What: The 18th Annual Anacostia River Cleanup and Earth Day Celebration
RSVP: Fill out the form below. Or send your name, email address, where you work and how you heard about the event to firstname.lastname@example.org / 240.333.0318.
What should I bring?
- Long, sturdy pants (jeans or another thick fabric)
- Shoes or boots that can get dirty and wet
- Sunscreen and hat
- Water bottle (with water in it of course!)
- Work or gardening gloves
* We’ll provide bags and plastic gloves *
You’re also encouraged to bring canoes and kayaks along with the appropriate safety equipment (life preservers).
We proudly partner with the organizations below who share our commitment to supporting our community and creating a cleaner environment:
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Welcome to the new Portland [1Thing] website. We are proud of our latest efforts and want to thank you for being some of the first visitors to the site. Please take some time, search around and get used to the new look and feel. We have plenty of great information, tips, community events, and even videos from some of the great musicians and actors that visit us locally and throughout the country.
If you have any comments, suggestions or just want to share some great earth-friendly information with us, please don’t hesitate to contact us. We’re gearing up for a big Earth Day in April and will have plenty of Earth Month sustainability articles, blog posts and tips, so check back often.
Catching up with Bethesda Green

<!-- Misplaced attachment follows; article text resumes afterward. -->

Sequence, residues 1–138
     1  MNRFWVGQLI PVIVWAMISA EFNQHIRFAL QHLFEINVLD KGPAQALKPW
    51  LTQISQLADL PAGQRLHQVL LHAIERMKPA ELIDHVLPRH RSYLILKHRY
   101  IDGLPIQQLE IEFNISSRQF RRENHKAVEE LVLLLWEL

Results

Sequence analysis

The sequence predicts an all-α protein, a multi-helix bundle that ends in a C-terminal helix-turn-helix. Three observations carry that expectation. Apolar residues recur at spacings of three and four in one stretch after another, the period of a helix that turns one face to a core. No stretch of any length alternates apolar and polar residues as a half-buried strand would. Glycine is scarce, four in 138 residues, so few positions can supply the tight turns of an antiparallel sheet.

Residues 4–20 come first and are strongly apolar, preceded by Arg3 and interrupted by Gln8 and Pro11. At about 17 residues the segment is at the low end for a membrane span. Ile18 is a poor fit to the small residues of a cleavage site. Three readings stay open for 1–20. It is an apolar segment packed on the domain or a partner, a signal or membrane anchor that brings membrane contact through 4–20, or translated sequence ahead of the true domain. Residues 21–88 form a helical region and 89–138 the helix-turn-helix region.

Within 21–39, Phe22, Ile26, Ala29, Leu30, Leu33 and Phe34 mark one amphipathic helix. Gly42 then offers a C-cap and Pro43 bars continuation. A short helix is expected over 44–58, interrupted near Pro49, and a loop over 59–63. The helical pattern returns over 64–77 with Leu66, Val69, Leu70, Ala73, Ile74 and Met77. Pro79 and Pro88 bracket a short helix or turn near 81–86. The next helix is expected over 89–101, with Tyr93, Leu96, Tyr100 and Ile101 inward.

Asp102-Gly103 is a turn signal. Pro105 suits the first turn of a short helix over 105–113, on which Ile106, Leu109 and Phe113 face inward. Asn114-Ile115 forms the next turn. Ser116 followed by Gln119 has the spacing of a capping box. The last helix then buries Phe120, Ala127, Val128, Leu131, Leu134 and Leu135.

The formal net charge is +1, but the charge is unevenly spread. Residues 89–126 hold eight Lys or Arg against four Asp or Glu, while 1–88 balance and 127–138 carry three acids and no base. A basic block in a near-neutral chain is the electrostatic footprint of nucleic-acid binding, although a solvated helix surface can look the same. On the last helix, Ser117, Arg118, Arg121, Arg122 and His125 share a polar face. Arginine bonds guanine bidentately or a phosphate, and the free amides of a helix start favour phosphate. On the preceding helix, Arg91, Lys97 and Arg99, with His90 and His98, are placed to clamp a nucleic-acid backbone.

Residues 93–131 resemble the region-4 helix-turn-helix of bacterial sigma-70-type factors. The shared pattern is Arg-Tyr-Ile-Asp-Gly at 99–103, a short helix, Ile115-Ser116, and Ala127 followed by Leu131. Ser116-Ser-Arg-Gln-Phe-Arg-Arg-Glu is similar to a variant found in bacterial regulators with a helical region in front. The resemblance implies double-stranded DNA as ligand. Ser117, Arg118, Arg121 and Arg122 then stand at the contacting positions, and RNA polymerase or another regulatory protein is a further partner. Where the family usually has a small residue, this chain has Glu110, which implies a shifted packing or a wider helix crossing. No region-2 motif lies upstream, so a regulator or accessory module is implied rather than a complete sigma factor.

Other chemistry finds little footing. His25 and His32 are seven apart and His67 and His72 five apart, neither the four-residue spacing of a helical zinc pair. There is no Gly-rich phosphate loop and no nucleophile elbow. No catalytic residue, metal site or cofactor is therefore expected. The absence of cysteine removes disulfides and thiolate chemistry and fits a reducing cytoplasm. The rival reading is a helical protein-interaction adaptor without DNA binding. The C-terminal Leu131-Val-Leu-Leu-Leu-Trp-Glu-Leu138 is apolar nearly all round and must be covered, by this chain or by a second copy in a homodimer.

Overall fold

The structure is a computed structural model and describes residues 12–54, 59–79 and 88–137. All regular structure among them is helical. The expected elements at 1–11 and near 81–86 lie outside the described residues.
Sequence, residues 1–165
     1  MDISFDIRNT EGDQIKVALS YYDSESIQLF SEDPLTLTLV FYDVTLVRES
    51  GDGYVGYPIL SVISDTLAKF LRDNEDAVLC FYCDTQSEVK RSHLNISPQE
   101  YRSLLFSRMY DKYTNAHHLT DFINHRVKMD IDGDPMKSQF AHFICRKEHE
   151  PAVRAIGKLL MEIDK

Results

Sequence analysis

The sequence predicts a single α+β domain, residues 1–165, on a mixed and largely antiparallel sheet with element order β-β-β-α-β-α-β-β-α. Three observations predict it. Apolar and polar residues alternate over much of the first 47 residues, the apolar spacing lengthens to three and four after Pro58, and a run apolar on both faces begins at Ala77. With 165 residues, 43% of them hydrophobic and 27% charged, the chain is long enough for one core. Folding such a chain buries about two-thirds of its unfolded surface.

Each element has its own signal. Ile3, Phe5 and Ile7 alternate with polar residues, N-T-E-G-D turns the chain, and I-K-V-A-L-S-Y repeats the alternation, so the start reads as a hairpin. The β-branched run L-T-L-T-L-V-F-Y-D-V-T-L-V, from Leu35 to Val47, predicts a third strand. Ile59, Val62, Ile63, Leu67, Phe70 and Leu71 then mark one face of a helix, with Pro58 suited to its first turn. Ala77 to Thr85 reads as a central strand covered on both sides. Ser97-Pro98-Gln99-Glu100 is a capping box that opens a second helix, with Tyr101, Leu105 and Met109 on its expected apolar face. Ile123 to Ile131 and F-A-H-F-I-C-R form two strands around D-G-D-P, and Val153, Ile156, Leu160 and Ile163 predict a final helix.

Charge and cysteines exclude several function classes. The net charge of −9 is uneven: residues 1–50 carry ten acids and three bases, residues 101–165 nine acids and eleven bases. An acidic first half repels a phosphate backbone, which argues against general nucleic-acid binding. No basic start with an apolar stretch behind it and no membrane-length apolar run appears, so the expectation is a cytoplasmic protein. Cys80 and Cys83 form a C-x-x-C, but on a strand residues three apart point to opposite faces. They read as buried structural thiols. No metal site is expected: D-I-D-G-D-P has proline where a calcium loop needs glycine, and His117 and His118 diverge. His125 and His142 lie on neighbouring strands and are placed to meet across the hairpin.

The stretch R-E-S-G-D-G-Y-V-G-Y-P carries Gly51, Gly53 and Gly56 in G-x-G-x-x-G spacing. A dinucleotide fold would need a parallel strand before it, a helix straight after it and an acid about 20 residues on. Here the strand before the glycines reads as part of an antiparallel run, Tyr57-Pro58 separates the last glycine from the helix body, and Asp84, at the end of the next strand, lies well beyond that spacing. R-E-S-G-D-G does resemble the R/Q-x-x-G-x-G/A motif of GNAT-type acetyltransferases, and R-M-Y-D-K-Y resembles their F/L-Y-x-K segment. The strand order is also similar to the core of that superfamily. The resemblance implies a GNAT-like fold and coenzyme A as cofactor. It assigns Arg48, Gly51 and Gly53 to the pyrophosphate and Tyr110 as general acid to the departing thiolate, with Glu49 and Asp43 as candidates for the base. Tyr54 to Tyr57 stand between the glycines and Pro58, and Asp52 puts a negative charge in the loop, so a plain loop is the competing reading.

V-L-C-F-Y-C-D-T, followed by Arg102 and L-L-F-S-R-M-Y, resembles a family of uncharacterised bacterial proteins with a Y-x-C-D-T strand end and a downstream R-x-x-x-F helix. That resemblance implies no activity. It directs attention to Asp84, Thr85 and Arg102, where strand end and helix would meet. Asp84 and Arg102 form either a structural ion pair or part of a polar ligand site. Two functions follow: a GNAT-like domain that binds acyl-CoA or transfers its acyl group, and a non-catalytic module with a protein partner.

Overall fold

David Feldman was working for the British Embassy in the 2000s, helping businesses from the U.S. set up shop in the U.K. and vice versa when he was struck by how aggressively the U.K. was courting clean energy and other sustainable companies. The U.S., meanwhile, lagged behind on such ventures. Recognizing that green businesses here could use a champion, Feldman left the service of the Queen in 2007 and joined a consultancy, The Livability Project, to help communities in the U.S. grow sustainable infrastructure and services.
The consultancy has helped a handful of cities in Maryland and California establish green community hubs through some combination of public/private/nonprofit partnerships. Earlier this month, EarthShare had a chance to tour one of the country’s most successful models, the nonprofit Bethesda Green, founded in 2009.
Bethesda Green, an EarthShare Mid-Atlantic member charity based in the Maryland city of the same name, has established a plethora of programs and events that benefit the community including a city recycling bin fundraiser, a green internship fair, and local farm visits. They also hold workshops on everything from clean tech and building efficiency to composting. But perhaps their most unique program has been their Green Incubator.
Business incubators aren’t a new idea, but an incubator devoted to green ventures is a rarity (do a web search on “green incubator” and you’ll find Bethesda Green has all the top hits). The incubator supports 14 businesses and nonprofits from a LEED certification specialist and rain barrel company to an environmental filmmaker and local nature conservancy. The many organizations share a welcoming space in a downtown Bethesda building provided by Capital One. Offices, educational displays and meeting rooms fill the suite.
Mark Leisher, a filmmaker and one of the green incubator tenants